For the better part of three decades now, IBM's mainframes -- often referred to as big iron -- have been coming under assault from smaller iron: minicomputers and servers that may not by themselves have the sheer horsepower to keep up with a mainframe but can often get the job done, especially when a bunch of them work together on the same tasks (a technique known as scaling out).
Between the Lines
Larry Dignan and other IT industry experts, blogging at the intersection of business and technology, deliver daily news and analysis on vital enterprise trends.
Larry Dignan is Editor in Chief of ZDNet and SmartPlanet as well as Editorial Director of ZDNet's sister site TechRepublic.
Rachel King is a staff writer for ZDNet based in San Francisco.
Zack Whittaker writes for ZDNet, CNET, and CBS News. He is based in New York City.
When most people talk about the integration of .NET and Java, the first thought that comes to mind is the XML-based services oriented architecture that Microsoft and IBM first had in mind when they formed the Web services Interoperability Organization (the WS-I).
The Internet Identity Workshop ended Wednesday afternoon and I've had a day to decompress. This was really an outstanding event and one I'm proud to have been a part of.
The final panel at OnHollywood focused on "consumer generated media," which was the major undercurrent at the conference. As Ted Cohen of EMI Music said, "The audience is taking over the programming," creating and distributing content outside of the traditional entertainment industry channels.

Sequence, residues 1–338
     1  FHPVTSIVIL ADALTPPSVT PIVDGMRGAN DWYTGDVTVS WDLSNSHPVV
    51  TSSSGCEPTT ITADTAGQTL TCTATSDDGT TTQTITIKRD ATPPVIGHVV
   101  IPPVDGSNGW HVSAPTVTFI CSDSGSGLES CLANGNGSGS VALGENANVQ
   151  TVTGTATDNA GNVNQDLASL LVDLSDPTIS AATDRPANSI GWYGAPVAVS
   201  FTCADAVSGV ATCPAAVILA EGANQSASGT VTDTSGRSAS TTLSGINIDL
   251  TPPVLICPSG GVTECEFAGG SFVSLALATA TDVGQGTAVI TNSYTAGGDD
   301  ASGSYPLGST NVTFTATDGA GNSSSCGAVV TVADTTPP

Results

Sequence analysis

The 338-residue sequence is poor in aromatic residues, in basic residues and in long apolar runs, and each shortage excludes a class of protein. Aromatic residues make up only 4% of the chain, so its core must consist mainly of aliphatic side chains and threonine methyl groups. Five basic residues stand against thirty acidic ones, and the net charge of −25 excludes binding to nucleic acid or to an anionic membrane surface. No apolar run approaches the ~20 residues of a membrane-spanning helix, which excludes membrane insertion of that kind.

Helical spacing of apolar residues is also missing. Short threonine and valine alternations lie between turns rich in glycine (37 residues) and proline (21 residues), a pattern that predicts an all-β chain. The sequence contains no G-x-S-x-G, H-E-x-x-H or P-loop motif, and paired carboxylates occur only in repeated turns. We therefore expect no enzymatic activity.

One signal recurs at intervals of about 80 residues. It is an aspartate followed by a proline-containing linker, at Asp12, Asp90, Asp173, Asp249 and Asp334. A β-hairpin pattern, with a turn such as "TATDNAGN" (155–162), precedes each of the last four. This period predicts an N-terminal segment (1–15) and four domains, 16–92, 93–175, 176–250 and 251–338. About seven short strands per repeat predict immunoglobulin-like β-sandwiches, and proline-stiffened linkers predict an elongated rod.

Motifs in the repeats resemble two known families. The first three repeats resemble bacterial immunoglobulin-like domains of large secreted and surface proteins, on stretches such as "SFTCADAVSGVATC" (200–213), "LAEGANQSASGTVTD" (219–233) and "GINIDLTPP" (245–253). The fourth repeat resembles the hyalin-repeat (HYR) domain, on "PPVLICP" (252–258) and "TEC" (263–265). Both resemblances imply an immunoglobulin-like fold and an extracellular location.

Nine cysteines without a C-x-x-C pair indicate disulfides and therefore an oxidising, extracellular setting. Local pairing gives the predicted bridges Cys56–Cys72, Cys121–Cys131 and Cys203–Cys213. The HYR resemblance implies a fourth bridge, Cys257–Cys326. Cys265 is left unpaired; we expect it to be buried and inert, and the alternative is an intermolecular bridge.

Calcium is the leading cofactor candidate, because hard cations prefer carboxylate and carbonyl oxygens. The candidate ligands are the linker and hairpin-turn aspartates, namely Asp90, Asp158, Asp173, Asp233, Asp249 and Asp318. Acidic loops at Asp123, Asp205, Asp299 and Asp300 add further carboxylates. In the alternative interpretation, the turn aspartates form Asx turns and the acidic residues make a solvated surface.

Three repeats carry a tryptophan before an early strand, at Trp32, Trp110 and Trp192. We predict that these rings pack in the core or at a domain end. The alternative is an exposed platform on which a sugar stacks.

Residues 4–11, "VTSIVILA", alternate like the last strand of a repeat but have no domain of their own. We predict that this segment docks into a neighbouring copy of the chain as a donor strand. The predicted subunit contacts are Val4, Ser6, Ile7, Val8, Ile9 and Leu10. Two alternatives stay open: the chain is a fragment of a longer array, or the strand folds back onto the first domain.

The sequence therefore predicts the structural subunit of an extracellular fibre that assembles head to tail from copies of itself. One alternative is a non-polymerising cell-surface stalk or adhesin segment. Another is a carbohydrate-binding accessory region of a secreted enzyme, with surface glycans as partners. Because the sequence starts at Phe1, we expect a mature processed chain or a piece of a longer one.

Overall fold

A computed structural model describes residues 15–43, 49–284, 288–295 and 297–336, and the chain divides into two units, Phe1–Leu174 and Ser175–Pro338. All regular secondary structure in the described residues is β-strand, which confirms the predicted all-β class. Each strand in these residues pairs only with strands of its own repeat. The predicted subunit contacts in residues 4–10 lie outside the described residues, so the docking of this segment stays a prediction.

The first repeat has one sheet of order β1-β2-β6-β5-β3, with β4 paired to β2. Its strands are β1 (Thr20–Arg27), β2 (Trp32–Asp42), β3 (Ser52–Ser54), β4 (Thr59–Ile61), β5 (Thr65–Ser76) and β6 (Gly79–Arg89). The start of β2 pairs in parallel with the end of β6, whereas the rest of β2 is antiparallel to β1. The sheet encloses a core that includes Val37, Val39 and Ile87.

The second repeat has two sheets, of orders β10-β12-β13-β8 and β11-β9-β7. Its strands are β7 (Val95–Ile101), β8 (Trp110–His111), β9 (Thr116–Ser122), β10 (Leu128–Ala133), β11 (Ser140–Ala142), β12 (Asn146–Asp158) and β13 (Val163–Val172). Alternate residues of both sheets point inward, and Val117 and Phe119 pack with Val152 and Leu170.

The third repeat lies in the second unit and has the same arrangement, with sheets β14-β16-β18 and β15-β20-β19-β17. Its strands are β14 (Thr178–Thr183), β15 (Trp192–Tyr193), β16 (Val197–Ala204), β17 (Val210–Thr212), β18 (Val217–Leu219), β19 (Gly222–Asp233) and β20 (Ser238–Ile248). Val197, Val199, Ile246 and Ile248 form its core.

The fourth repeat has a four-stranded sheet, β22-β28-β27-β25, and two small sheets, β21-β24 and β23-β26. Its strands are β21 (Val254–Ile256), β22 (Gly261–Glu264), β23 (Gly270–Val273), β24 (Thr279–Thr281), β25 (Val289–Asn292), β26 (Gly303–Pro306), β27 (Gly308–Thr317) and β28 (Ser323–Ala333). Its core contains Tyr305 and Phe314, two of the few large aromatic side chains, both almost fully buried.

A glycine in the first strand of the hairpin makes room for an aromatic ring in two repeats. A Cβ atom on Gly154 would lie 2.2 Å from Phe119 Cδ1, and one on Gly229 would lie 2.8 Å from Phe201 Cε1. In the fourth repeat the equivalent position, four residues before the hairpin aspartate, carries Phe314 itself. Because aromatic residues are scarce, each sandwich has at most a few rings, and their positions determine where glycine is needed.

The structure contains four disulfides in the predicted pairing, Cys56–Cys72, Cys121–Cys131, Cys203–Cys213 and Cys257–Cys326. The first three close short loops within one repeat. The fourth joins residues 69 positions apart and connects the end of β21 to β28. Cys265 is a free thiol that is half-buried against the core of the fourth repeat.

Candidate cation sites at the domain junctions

This week on The Dan & David Show, we discuss Google in the enterprise and Google as an infrastructure provider to the planet; the potential shape of a Yahoo/Microsoft connection; and Microsoft's odds of remaking itself into a major media company. Microsoft CEO Steve Ballmer's statement:"Ad-supported software services are an integral part of Microsoft's plans to give consumers access to a broader variety of digital media, whenever they want and on whatever device they prefer," said Ballmer.
I must apologize. The other day when, after practically the entire music business knuckled under to Steve Jobs, I rattled off the kingdoms that Apple's proprietary digital rights management (DRM) technology (known as FairPlay) gives or will be giving Jobs the keys to (starting with music and movies), I failed to mention telecommunications.
Inspired by a blog that was written fellow ZDNet blogger George Ou, last week, I talked about how Americans are technology, political, and educational laggards and how it will doom them. Ou's blog talked about how technological laggardliness was causing banks to fail their report cards when it came to online banking.
Last July, I caught Lance Truman on a Bank of America TV commercial talking about how important the company's IT was to its success. In that commercial and speaking of the banks check processing, Truman says "one error in a million is simply unacceptable.
Tim Bray, Sun's grand poo-bah of Web technologies says: It’s guys like [Pavel Buzek] who are going to cost Berlind the price of a nice dinner. At issue here (and the subject of a dinner bet, perhaps in a rail car) is whether or not '06 will be the year that NetBeans will score a come from-behind knockout of Eclipse.
Microsoft CEO Steve Ballmer today addresssed how his company plans to spend money to compete with Web giants Google, Yahoo and AOL in the coming fiscal year (starting July 1). MSN: $1.